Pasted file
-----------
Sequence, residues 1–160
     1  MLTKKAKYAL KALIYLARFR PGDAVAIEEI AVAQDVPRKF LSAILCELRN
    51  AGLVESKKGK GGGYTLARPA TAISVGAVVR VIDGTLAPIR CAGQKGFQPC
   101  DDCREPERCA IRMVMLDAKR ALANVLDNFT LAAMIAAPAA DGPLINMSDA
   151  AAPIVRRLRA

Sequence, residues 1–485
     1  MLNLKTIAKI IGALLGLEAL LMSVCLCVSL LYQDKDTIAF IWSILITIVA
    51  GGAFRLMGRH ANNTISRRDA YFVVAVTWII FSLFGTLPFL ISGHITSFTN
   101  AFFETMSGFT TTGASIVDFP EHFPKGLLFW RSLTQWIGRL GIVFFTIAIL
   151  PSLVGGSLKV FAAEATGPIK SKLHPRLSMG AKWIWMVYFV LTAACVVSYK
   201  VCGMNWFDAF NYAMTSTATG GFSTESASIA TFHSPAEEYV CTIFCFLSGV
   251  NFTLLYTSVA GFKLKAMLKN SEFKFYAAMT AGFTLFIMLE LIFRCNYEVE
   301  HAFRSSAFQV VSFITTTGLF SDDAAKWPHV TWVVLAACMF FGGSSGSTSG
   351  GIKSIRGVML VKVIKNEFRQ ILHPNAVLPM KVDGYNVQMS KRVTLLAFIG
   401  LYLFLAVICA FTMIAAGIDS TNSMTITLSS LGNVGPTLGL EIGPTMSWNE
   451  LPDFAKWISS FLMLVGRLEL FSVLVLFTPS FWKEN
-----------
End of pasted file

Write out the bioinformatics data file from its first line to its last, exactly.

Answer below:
Sequence, residues 1–160
     1  MLTKKAKYAL KALIYLARFR PGDAVAIEEI AVAQDVPRKF LSAILCELRN
    51  AGLVESKKGK GGGYTLARPA TAISVGAVVR VIDGTLAPIR CAGQKGFQPC
   101  DDCREPERCA IRMVMLDAKR ALANVLDNFT LAAMIAAPAA DGPLINMSDA
   151  AAPIVRRLRA

Sequence, residues 1–485
     1  MLNLKTIAKI IGALLGLEAL LMSVCLCVSL LYQDKDTIAF IWSILITIVA
    51  GGAFRLMGRH ANNTISRRDA YFVVAVTWII FSLFGTLPFL ISGHITSFTN
   101  AFFETMSGFT TTGASIVDFP EHFPKGLLFW RSLTQWIGRL GIVFFTIAIL
   151  PSLVGGSLKV FAAEATGPIK SKLHPRLSMG AKWIWMVYFV LTAACVVSYK
   201  VCGMNWFDAF NYAMTSTATG GFSTESASIA TFHSPAEEYV CTIFCFLSGV
   251  NFTLLYTSVA GFKLKAMLKN SEFKFYAAMT AGFTLFIMLE LIFRCNYEVE
   301  HAFRSSAFQV VSFITTTGLF SDDAAKWPHV TWVVLAACMF FGGSSGSTSG
   351  GIKSIRGVML VKVIKNEFRQ ILHPNAVLPM KVDGYNVQMS KRVTLLAFIG
   401  LYLFLAVICA FTMIAAGIDS TNSMTITLSS LGNVGPTLGL EIGPTMSWNE
   451  LPDFAKWISS FLMLVGRLEL FSVLVLFTPS FWKEN